The concentrations of various substances in water in dissolved, colloidal or suspended form are typically low but vary considerably. Priority Pollutants refer to a list of 126 specific pollutants that includes heavy metals and specific organic chemicals. The priority pollutants are a subset of "toxic pollutants" as defined in the Clean Water Act (USA). These 126 pollutants were assigned a high priority for development of water quality criteria and effluent limitation guidelines because they are frequently found in wastewater.
Many of the heavy metals, pesticides, and other chemicals listed here are on the priority pollutant list (reference):
Heavy Metals (Total and Dissolved): "Heavy Metal" in the water treatment field refers to heavy, dense, metallic elements that occur only at trace levels in water, but are very toxic and tend to accumulate.
Pesticides: Pesticides comprise a large class of compounds of concern. Typical pesticides and herbicides include DDT, Aldrin, Chlordane, Endosulfan, Endrin, Heptachlor, and Diazinon. Surprisingly, concentrations of pesticides in urban runoff may be equal or greater than the pesticides in agricultural runoff.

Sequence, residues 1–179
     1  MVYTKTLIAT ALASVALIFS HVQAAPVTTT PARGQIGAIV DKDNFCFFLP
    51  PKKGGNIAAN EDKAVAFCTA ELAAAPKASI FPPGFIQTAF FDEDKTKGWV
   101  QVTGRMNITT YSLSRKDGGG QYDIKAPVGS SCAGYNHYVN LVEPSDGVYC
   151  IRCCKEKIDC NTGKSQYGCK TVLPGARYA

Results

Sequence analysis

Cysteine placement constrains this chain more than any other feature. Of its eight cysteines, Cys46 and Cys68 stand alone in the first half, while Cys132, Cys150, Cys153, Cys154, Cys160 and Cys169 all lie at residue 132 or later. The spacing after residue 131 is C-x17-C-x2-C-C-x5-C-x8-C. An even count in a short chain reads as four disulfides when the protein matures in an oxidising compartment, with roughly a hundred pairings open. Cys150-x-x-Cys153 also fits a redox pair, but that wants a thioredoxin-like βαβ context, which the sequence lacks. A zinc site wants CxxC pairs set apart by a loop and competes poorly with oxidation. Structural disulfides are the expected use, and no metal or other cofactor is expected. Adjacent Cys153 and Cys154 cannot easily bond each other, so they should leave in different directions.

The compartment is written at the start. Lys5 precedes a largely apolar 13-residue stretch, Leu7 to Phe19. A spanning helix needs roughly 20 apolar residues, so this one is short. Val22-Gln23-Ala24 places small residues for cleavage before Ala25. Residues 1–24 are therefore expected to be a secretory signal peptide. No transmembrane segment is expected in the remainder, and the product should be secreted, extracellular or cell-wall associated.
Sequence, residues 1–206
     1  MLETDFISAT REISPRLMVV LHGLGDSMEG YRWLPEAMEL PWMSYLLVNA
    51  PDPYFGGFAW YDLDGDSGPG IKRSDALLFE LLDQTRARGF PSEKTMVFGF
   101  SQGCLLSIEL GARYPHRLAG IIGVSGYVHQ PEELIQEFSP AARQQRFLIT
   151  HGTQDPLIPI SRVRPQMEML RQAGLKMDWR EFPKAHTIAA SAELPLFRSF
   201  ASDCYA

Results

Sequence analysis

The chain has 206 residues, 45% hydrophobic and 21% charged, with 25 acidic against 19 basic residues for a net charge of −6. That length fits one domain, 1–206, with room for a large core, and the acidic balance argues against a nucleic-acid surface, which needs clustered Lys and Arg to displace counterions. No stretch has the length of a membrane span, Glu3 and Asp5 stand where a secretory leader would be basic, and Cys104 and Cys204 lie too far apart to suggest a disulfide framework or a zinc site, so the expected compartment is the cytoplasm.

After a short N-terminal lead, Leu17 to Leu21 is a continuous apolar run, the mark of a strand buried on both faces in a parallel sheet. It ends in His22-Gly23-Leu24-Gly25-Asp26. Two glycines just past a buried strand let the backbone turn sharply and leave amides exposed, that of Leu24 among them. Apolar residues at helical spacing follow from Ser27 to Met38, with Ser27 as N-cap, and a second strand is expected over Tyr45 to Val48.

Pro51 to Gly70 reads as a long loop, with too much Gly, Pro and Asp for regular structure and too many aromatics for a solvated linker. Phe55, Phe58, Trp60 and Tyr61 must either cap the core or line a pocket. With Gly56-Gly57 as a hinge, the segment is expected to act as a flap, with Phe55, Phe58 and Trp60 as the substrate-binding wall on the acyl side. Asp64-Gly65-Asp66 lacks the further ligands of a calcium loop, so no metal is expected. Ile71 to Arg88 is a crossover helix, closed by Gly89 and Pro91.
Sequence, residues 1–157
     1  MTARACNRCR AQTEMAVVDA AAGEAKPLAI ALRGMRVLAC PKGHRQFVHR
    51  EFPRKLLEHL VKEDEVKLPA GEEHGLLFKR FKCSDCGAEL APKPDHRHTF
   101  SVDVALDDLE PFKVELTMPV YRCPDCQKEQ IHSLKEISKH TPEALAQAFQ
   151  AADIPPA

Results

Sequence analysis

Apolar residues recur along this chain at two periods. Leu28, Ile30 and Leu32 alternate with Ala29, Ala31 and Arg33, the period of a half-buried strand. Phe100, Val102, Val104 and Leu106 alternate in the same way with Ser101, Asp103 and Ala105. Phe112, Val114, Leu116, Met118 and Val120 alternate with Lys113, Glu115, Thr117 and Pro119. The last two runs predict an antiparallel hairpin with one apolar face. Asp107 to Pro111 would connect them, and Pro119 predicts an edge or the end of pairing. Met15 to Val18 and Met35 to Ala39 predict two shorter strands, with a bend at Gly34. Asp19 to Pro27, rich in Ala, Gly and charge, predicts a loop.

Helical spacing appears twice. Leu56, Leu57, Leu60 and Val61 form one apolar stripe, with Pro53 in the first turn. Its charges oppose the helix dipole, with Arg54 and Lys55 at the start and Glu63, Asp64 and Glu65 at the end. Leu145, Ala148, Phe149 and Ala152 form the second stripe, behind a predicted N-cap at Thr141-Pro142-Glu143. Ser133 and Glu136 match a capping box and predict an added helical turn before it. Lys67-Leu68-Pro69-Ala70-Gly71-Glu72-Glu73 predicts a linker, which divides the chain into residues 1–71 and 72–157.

Polycyclic Aromatic Hydrocarbons (PAHs): Polycyclic Aromatic Hydrocarbons include a family of semi-volatile organic pollutants such as naphthalene, anthracene, pyrene, and benzo(a)pyrene. There are typically two main sources of PAHs: spilled or released petroleum products (from oil spills or discharge of oil production brines) and combustion products that are found in urban runoff.
Polychlorinated biphenyls (PCBs): Polychlorinated biphenyls are organic chemicals that formerly had widespread use in electrical transformers and hydraulic equipment. This class of chemicals is extremely persistent in the environment and has been proven to bioconcentrate in the food chain, thereby leading to environmental and human health concerns in areas such as the Great Lakes.